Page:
TOTEN HERZEN MALANDANTI

2014-3d-malandantiAvailable from these places: (Links open in a new window.)

BARNES AND NOBLE

SMASHWORDS

OYSTER

SCRIBD

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WE ARE TOTEN HERZEN

2014-3d-wathAvailable from these places: (Links open in a new window.)

BARNES AND NOBLE

SMASHWORDS

OYSTER

SCRIBD

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Author advice from YA writer Dolores Beagle

The title of her first novel is repulsive, but then it is a horror story. YA author Dolores Beagle is all set to enter the dog eat dog world of self-publishing with her first novel Tapeworm.

– Do you follow the advice you read on the internet?

There’s really only one bit of advice that matters. Fans. If you don’t have fans how do you expect to sell your books. In fact, there are three bits of advice. Fans, fans and fans. You gotta have fans.

You know, some people actually set out with the intention of writing a boring book. Don’t do it. Make your book as interesting as you can otherwise all those fans, you’re gonna lose them.

Make your dialogue zing. In real life people talk stupid, so don’t let your characters talk like real people. Make it zing, folks.

“Hey, John.”

“Mickey.” John and Mickey high fived.

“You going to the party?”

“Wouldn’t miss it for anything, dude,” said John.

“I’m hoping Cindy’ll be there. She’s cool,” said Mickey.

“You mean she’s hot?”

“Hey, you’re not hitting on my girl are you?” said Mickey raising his fist.

“She’s not your girl, you don’t even know her except for her name.”

Mickey jabbed a paw at John’s chin. He dropped like a sack of jalapenos.

There are other bits of advice too. Get interviewed on the radio is one, but why stop there. Dream big. Get interviewed on national television. They’re always looking for guests. If you don’t ask you don’t get.

– You describe your first novel Tapeworm as a mix-up. What do you mean by that?

Don’t be afraid to mix and mash your genres. My own novel Tapeworm mixes YA with slasher horror and romance. Hey, teens who like gory horror fall in love. They want something to read. You never fell in love when you were sixteen? People told me I was nuts to write a teenage romance horror, but who dares wins. (Which reminds me, never write cliches in your novel. That’s another no no.)

– What’s the writing process for you? How do you go from idea to finished book?

An idea usually comes to me in the form of a ‘what if’ question. I brainstorm. Some of the what ifs get tossed quite early on: like ‘what if that guy’s shoes ate him?’ (Actually I nearly ran with that one. I was going to call it Sneakers, but then I thought, well how does the same pair of shoes eat people with different sized feet?)

The what if question leads to characters, and again some people seem to think they can write about boring characters. Are any of your friends boring? No, of course not. You don’t hang out with boring people, why would you want to read about them.

I spend about a month on a first version or draft. Then go over it and throw in some curveballs and twists and surprises, then rewrite it. For Tapeworm I used a friend of mine to edit the novel. She’s a retired editor, so if you can’t afford to pay for a full time editor search online for retired editors and use one of those. Yes, I’m lucky to know people, but that’s how networking comes in. Put yourself about, folks. Meet the right people. Take an interest in them and they’ll be interested in you.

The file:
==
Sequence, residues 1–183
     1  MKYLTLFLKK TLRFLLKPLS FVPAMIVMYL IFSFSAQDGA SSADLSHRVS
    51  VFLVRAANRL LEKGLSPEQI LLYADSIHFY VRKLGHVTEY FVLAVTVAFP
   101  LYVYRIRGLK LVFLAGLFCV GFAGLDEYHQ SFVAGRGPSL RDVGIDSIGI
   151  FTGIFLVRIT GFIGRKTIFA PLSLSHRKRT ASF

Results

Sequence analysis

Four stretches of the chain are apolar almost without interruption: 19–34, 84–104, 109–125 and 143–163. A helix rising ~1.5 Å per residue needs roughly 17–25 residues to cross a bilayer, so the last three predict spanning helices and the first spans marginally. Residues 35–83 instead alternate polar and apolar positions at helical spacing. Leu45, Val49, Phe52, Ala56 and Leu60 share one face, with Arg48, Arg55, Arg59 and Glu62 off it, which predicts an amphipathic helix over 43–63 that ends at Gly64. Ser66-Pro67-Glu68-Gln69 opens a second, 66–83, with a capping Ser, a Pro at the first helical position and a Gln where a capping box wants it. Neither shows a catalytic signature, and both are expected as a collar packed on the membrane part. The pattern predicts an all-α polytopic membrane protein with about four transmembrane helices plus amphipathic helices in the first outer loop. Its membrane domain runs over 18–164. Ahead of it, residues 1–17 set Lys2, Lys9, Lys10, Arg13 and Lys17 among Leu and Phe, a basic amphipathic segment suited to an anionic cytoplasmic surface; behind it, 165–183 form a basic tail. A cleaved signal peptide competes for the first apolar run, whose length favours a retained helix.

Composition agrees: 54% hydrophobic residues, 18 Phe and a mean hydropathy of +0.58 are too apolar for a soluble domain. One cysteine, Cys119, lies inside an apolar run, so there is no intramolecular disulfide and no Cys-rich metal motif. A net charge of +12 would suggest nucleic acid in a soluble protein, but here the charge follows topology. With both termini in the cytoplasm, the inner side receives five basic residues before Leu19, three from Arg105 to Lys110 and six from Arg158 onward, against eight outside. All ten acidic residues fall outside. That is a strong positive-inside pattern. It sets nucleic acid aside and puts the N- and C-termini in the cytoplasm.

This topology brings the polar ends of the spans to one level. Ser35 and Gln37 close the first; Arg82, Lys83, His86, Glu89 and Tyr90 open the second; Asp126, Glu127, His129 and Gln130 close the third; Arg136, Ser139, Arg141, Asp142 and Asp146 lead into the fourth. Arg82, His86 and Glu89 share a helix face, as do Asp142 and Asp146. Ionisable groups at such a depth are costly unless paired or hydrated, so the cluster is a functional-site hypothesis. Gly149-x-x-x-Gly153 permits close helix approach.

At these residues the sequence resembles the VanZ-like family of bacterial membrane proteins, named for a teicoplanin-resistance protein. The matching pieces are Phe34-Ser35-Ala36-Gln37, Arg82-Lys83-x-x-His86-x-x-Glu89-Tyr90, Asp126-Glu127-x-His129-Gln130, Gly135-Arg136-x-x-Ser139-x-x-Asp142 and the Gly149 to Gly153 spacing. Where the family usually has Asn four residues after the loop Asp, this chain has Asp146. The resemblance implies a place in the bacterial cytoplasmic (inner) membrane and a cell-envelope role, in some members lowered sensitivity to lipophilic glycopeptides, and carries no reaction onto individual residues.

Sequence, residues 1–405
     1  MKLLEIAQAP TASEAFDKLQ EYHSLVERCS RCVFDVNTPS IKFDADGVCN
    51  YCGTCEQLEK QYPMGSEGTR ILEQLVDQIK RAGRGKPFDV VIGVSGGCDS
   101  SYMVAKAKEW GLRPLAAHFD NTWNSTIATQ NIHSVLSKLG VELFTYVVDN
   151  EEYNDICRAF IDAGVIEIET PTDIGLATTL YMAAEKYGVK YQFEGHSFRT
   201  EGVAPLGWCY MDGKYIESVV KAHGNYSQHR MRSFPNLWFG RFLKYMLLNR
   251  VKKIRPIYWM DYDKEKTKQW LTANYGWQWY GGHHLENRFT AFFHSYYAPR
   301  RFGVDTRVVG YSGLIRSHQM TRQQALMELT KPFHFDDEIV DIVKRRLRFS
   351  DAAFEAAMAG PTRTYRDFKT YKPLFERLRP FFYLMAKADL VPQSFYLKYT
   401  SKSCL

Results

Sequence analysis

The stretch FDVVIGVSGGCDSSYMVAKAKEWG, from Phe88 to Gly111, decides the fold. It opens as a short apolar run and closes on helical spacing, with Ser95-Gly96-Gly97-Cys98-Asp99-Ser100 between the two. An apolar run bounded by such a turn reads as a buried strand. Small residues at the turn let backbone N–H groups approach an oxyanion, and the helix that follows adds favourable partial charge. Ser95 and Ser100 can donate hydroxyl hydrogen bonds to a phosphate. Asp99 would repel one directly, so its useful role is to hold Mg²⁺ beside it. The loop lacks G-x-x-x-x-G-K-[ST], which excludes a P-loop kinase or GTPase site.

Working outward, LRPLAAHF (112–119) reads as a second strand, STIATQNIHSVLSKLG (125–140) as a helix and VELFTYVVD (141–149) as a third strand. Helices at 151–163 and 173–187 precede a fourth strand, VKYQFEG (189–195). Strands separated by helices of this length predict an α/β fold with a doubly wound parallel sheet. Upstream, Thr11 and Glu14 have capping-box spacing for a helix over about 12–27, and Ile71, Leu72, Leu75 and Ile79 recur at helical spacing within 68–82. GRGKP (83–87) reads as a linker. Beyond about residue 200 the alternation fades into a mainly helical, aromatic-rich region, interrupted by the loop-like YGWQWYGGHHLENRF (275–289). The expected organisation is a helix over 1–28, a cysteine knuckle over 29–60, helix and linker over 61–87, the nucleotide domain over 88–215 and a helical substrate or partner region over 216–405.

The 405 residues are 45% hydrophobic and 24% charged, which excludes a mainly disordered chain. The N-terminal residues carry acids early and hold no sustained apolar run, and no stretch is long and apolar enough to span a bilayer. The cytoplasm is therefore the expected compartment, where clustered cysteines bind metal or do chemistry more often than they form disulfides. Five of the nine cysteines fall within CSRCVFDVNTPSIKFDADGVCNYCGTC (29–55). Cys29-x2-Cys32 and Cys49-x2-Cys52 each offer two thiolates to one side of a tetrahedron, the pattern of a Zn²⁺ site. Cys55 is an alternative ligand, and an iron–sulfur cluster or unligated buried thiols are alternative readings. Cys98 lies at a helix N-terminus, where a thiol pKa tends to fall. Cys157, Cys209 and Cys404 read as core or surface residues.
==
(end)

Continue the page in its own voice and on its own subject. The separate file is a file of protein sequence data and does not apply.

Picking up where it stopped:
– Are you nervous about the reviews your first novel might receive?

Reviews are important, but apparently there’s a lot of confusion over what is a good review and what is a bad review. The current trend is that good reviews are bad. No one believes them when they read them. So what you actually need are a ton of bad reviews. One star, two star reviews are what give people confidence because they know these are genuine reviews and not written by your dog, uncle Tom Cobbley and that guy who works in Burger King who keeps giving you the eye.

Good writing is another bit of advice that people often overlook. Look at all these websites telling authors how to write a bestselling book and hardly any of them tell you to write well. I’ve seen other sites say avoid adverbs, semi-colons, question marks, full stops. Some of that works, but remember sometimes you need a full stop Your sentences will usually work better and be easier to read.

See what I did there, I left out the full stop and it looked like all one sentence. Rules are sometimes there to be broken. Be confident. Break the rules now and again.

Oh, and before I forget, on the subject of reviews. There are a ton of websites that help authors get reviews for their work. Find these websites, make a list and then – and here’s the trick – most authors submit their books and walk away, but it’s better if you are part of the team that runs the website. Join that team, folks. You heard it here first!

– What do you read for pleasure and what do you read for inspiration?

I get a bit worked up when I see authors instructed to read read read. Well if you read read read you won’t have time to write write write, will you? You have to write. Read when you’re in the bath or when you can’t write, like when you’re driving. (Obviously don’t read when you’re driving though, unless it’s a road map.) I don’t write when I have time. I make time to write. Sometimes, that means the kids go hungry, but you won’t find any obese kids in my house, so that’s two problems solved.

I read Patricia Cornwell and Dan Brown, occasionally Stephen King, but I’m too busy writing to read.